- Focal photocoagulation. Focal treatment is used to seal specific leaking blood vessels in a small area of the retina, usually near the macula. The ophthalmologist identifies individual blood vessels for treatment and makes a limited number of laser burns to seal them off.
- Scatter (pan-retinal) photocoagulation. Scatter treatment is used to slow the growth of new abnormal blood vessels that have developed over a wider area of the retina. The ophthalmologist may make hundreds of laser burns on the retina to stop the blood vessels from growing. The person may need two or more treatment sessions.
Laser photocoagulation is usually not painful. The injection of anesthetic may be uncomfortable. And then you may feel a slight stinging sensation or see brief flashes of light when the laser is applied to your eye.
What To Expect After Treatment
Laser photocoagulation is usually done as an outpatient procedure using a local or topical anesthetic that affects only the eye. You do not have to stay overnight in a hospital.
You will need someone to drive you home from the doctor's office or clinic after the procedure. Eyedrops are used to widen (dilate) your pupils before the procedure. And your eyes will remain dilated for several hours afterward. Wear sunglasses to keep bright light out of your eyes while they are still dilated.
Your vision may be blurry and your eye may hurt a little for a day or two after the treatment.
Why It Is Done
Laser photocoagulation is done to reduce the risk of vision loss caused by diabetic retinopathy. It is most often used to stabilize vision and prevent future vision loss rather than to improve vision loss that has already occurred. (Sometimes focal photocoagulation for macular edema caused by nonproliferative retinopathy can help restore lost vision.)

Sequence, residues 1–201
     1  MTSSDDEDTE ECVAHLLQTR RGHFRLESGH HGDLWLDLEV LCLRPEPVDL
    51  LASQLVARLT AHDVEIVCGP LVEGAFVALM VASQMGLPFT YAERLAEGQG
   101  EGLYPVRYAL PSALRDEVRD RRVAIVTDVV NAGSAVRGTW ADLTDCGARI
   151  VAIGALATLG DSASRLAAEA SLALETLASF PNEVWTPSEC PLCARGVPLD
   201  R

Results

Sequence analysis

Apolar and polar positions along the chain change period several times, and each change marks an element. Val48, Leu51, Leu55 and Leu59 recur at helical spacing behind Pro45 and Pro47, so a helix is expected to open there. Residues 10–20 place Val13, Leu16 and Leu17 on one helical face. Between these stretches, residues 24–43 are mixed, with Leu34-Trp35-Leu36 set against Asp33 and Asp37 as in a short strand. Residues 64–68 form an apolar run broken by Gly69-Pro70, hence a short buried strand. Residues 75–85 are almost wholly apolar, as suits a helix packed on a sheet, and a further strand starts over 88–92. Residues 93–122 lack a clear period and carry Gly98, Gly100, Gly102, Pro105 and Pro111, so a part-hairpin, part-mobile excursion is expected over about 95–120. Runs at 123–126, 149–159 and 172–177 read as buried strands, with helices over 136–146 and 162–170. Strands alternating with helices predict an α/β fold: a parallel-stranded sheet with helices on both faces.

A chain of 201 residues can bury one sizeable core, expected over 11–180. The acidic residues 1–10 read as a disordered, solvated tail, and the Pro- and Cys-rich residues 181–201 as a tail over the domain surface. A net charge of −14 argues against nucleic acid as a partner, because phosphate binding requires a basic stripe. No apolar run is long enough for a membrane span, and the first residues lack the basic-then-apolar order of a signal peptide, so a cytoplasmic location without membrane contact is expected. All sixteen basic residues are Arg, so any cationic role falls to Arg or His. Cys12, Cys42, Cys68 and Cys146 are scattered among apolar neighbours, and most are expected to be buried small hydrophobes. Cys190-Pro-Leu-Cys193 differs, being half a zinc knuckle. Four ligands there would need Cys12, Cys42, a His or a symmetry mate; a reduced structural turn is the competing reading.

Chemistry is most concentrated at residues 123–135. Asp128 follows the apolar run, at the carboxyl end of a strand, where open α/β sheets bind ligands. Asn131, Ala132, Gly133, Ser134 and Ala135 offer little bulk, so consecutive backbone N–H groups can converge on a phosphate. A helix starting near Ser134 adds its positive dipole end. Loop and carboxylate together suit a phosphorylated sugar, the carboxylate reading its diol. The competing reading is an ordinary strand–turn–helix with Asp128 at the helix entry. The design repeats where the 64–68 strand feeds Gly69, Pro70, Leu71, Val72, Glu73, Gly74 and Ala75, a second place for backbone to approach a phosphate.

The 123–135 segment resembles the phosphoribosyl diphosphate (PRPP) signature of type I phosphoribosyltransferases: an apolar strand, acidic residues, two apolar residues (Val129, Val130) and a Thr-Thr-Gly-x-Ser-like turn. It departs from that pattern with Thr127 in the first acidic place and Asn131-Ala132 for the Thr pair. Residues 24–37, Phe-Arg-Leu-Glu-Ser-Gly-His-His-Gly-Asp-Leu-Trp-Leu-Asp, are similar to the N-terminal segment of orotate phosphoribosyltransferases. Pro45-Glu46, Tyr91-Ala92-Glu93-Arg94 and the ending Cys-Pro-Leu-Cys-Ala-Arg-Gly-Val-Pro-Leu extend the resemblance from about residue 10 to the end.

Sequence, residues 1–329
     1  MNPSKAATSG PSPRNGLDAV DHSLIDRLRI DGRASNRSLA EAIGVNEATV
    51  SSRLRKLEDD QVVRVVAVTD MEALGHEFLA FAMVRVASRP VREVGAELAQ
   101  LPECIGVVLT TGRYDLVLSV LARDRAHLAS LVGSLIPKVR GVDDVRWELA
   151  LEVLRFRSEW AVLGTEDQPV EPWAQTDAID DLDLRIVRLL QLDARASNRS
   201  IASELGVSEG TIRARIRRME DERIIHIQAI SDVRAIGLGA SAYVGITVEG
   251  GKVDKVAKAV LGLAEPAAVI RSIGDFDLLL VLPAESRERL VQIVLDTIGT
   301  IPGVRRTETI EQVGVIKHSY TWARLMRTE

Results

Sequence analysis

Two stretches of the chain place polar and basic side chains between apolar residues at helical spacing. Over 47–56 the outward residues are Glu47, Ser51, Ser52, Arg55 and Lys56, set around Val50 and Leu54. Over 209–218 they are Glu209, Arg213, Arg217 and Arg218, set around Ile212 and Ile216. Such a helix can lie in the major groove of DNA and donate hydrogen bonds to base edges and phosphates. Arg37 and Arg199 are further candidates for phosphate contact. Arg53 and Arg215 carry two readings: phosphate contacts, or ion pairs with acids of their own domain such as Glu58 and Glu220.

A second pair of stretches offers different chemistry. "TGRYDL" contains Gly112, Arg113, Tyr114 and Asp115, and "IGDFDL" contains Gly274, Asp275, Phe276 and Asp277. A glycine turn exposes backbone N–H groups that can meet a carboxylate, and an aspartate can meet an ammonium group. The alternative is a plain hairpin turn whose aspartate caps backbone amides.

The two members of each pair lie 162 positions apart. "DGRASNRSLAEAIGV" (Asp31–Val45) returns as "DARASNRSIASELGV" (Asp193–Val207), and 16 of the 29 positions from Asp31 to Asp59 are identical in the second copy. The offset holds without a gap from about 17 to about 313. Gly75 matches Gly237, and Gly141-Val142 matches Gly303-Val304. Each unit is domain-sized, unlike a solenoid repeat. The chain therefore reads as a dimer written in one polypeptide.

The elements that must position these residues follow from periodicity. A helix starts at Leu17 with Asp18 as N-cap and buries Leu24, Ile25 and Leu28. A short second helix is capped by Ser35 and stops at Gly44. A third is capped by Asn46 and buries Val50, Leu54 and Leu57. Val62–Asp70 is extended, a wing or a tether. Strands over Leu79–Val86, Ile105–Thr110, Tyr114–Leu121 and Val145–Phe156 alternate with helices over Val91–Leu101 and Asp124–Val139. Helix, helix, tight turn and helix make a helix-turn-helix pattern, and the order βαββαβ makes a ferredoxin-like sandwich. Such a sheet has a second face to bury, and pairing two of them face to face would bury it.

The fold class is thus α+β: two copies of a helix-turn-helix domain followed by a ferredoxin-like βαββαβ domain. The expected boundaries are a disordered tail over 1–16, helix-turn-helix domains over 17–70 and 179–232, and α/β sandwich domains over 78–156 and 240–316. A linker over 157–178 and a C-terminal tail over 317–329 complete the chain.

Laser photocoagulation may be used to treat and prevent further progression of:
- Macular edema. Focal photocoagulation is sometimes used in these cases.
- Proliferative retinopathy. Scatter (pan-retinal) photocoagulation is used to treat proliferative retinopathy.
How Well It Works
Laser treatment may not restore vision that has already been lost. But when it is done in a timely manner, laser treatment may reduce the risk of future vision loss.
Laser photocoagulation burns and destroys part of the retina and often results in some permanent vision loss. This is usually unavoidable. Treatment may cause mild loss of central vision, reduced night vision, and decreased ability to focus. Some people may lose some of their side (peripheral) vision. But the vision loss caused by laser treatment is mild compared with the vision loss that may be caused by untreated retinopathy.
Rare complications of laser photocoagulation may cause severe vision loss. These include:
- Bleeding in the eye (vitreous hemorrhage).
- Traction retinal detachment.
- Accidental laser burn of the fovea (a depression in the central macula that contains no blood vessels). This results in severe central vision loss.
What To Think About
The biggest drawback to laser photocoagulation is that the laser damages some of the light-sensitive nerve cells in the retina and macula. This often results in some vision loss.
But the immediate vision loss caused by laser treatment must be measured against the more severe vision loss that could result from untreated retinopathy. For people who have diabetic retinopathy, laser photocoagulation will very likely help prevent more severe vision loss over time.
Primary Medical ReviewerAdam Husney, MD - Family Medicine
Kathleen Romito, MD - Family Medicine
Specialist Medical ReviewerCarol L. Karp, MD - Ophthalmology
Current as ofMay 22, 2015